In the spring of 1871, word came that Wichita might lose its position on the Texas Cattle Trail to rival Park City, located near modern Valley Center unlike its modern namesake. One morning, James R. Mead, J.M. Steele, N.A. English, and Mike Meagher rode out and encouraged the drovers to abandon their initial Park City plans and return, instead, to the older route by way of Wichita. In the encounter, the Four Horsemen foiled the efforts of Henry Shanklin, who was encouraging the drovers to favor the Park City route.
Mead had been a local leader since founding a trading post in Whitewater in 1863, followed by one near the Wichita people on the Ark rivers. The Wichita were pro-Union refugees who fled the turmoil of Indian Territory as northern and southern-leaning factions among Native Americans fought each other.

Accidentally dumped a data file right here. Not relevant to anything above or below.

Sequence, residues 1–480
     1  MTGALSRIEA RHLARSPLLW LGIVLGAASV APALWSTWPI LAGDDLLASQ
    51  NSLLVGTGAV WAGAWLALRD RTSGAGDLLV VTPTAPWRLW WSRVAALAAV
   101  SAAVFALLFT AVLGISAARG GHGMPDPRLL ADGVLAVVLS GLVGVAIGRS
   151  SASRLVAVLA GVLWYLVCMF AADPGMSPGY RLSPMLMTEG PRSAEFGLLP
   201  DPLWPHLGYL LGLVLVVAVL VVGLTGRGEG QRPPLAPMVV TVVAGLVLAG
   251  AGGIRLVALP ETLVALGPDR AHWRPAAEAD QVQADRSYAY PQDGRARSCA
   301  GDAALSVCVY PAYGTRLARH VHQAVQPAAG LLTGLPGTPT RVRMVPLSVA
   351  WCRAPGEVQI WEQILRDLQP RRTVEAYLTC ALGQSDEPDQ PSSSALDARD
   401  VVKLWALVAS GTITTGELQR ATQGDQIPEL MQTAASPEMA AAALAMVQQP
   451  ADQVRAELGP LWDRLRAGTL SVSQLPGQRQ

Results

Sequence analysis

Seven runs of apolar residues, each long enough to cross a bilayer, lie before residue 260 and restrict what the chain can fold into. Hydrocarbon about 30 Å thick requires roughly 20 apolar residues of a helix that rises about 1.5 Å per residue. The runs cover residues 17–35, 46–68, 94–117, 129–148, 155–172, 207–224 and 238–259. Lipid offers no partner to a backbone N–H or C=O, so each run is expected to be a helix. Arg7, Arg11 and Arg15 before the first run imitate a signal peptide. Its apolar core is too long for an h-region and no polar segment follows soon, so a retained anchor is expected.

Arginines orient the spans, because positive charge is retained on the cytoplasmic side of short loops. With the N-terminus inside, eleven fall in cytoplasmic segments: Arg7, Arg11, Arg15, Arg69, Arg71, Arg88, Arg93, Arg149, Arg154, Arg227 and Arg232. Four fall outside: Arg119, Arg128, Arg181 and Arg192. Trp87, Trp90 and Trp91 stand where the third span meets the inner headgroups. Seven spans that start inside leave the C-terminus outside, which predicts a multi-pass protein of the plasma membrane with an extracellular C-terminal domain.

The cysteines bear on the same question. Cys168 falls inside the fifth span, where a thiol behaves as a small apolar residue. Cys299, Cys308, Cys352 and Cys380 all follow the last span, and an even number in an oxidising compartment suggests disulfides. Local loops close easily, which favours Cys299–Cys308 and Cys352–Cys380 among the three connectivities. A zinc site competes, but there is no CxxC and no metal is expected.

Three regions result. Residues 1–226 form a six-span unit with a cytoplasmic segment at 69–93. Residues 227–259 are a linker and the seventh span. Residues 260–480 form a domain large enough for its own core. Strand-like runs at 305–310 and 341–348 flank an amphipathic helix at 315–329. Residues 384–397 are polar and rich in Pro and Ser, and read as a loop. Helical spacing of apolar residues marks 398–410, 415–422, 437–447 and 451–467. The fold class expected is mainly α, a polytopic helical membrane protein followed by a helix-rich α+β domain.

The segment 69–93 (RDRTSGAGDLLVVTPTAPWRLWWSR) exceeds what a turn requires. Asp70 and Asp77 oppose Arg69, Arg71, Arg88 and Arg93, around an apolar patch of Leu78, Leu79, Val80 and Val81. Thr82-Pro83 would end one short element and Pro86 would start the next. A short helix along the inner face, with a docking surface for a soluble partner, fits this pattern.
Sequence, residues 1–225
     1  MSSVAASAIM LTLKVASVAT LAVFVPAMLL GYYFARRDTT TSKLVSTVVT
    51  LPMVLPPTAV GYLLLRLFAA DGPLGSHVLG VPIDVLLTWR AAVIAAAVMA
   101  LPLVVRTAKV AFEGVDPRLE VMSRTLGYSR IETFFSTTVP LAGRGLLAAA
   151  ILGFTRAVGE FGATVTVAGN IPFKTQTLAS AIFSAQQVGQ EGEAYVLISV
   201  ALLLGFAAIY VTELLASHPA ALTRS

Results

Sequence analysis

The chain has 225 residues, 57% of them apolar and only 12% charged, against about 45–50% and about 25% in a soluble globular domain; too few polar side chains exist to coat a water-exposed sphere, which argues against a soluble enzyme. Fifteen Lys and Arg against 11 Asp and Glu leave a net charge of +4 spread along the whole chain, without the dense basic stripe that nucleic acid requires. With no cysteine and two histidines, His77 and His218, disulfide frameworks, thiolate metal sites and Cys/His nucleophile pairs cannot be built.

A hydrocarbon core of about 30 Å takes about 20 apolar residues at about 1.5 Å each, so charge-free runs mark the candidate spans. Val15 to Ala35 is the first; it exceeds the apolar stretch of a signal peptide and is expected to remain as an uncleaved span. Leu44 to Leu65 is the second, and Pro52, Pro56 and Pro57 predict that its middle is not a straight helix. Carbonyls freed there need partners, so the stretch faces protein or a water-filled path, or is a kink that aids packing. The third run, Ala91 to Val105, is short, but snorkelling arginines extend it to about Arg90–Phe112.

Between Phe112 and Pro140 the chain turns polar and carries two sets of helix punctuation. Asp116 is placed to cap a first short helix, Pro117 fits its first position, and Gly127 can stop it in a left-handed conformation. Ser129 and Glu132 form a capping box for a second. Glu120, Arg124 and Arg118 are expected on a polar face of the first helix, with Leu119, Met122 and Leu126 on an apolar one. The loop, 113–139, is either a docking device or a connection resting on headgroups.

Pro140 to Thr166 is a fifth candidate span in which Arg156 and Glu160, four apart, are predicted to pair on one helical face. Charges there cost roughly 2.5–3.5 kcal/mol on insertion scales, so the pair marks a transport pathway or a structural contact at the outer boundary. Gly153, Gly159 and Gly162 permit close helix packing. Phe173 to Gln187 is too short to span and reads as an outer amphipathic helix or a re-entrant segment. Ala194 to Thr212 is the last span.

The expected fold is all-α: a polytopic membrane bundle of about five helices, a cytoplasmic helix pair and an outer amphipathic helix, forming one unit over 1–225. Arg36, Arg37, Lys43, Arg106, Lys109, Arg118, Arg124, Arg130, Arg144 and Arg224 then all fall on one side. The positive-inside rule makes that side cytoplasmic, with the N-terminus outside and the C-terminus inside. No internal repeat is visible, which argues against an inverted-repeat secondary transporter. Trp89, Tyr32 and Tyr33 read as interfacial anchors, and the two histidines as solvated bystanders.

During the Civil War, the U.S. government established a new Wichita Agency in exile located at Towanda, a short distance from Mead’s “ranche.” In 1866, the new agent for the Wichita was Henry Shanklin. In 1867, it was Shanklin who oversaw the difficult and tragic trek of the Wichita back to lands in Indian Territory. Shanklin continued to head the agency through 1869. By 1871, he was in Lawrence and was an agent for the Kansas Pacific.
This means that the fateful meeting in 1871 was not the first encounter between Mead and Shanklin. While the nature of their relationship in the 1860s requires more research, knowing that there was a backstory hints that more may have been going on than just cattle routes.